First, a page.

Justice Department reopens Emmett Till murder case that galvanized US civil rights movement | Americas| North and South American news impacting on Europe | DW | 12.07.2018
  1. Inhalt
  2. Navigation
  3. Weitere Inhalte
  4. Metanavigation
  5. Suche
  6. Choose from 30 Languages

Americas

Justice Department reopens Emmett Till murder case that galvanized US civil rights movement

The 1955 murder of teenager Emmett Till was a crucial impetus for the US civil rights movement. His killers went free, but authorities are looking into the case once more after new information came to light.

The US Justice Department announced on Thursday that it was reopening the 1955 murder case of Emmett Till. The 14-year-old Till, who was black, was lynched by a group of white men in Mississippi after he allegedly whistled at a white woman in a shop.

The decision by his mother, Mamie Till, to hold an open casket funeral, and the subsequent photographs of his mutilated body in Jet magazine helped galvanize the budding US civil rights movement.

According to Justice Department officials, new information has come to light that has prompted them to revisit the case. The information reportedly came from author Timothy B. Tyson, who in his  2017 book The Blood of Emmett Till, wrote that' Carolyn Donham – the woman Till was accused of flirting with – admitted to lying to investigators when she claimed Till grabbed her and made other sexual advances.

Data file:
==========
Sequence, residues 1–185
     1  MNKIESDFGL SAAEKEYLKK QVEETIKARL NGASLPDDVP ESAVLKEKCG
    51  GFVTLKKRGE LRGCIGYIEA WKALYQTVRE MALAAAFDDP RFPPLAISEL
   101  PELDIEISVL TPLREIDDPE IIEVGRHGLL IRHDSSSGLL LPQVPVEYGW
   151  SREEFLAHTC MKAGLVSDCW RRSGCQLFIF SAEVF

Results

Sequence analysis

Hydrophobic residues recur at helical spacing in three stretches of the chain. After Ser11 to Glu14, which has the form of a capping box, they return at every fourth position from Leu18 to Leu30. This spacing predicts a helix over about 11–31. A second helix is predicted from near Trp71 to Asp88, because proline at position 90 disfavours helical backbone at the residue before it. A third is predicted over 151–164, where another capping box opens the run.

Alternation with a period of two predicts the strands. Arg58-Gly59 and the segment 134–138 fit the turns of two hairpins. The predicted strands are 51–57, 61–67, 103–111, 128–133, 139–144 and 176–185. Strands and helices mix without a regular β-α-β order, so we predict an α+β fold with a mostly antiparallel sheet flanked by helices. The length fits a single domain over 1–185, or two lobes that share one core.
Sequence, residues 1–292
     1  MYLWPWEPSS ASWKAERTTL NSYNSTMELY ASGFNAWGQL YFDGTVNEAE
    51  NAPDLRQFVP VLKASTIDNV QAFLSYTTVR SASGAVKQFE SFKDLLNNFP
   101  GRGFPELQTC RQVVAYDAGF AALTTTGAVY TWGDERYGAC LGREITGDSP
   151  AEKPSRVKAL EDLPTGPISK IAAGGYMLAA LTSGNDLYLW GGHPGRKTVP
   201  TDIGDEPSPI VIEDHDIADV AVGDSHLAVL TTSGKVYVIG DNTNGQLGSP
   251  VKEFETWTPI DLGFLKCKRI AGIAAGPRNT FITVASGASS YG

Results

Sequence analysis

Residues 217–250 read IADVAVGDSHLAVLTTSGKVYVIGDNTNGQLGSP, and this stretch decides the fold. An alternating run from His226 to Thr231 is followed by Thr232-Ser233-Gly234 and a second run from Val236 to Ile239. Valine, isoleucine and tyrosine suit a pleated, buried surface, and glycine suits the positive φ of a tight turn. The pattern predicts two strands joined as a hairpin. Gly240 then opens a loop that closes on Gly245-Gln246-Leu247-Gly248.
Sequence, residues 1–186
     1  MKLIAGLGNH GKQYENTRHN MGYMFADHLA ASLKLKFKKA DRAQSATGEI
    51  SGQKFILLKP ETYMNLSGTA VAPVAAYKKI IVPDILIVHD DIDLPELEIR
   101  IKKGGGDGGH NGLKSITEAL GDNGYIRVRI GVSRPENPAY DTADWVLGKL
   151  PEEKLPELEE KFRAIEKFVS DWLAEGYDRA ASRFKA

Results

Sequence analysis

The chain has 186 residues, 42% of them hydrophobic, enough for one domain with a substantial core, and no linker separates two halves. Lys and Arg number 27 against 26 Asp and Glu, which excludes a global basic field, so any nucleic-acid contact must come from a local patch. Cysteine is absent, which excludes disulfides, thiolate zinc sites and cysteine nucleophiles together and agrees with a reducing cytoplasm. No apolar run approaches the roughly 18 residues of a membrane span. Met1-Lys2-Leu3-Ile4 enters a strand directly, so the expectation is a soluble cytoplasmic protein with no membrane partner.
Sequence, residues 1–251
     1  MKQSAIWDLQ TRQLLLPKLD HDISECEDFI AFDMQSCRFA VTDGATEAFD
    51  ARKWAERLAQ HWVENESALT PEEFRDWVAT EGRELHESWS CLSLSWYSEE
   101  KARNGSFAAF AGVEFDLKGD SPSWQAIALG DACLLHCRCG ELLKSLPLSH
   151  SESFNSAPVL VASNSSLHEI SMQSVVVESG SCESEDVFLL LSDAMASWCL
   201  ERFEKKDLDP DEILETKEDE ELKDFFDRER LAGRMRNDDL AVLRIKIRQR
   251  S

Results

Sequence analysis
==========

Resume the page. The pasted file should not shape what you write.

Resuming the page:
Till's cousin Wheeler Parker, who was with the young man the day he was killed in 1955, has also reportedly spoken to the FBI about the case. Parker is now 79.

Watch video 12:04
Now live
12:04 mins.

Lynching in the US: Shadows from the past

Tortured and killed

Emmett Till, a Chicago native, was visiting family in Money, Mississippi, when he walked into a shop owned by Carolyn Donham, then Carolyn Bryant. What happened next is disputed: Some claimed that Till wolf whistled at Donham, while others said he was just whistling for fun.

Donham, however, would later testify that Till took hold of her wrist and asked for a date. That night, her then-husband Roy Bryant and his half-brother John Milam kidnapped Till from his relatives' house before torturing and killing him.

Bryant and Milam were acquitted of the murder charges against them by an all-white jury. The pair later admitted to the slaying, but no further charges were brought. The case was closed in 2007, under the assumption that all the guilty parties had died.

Whether any new charges stem from the renewed investigation remains to be seen. The statute of limitations has passed for Donham to be charged with lying to police. Murder and conspiracy charges can still be brought, however.

es/sms (AP, AFP)

DW recommends

Audios and videos on the topic

ADVERTISEMENT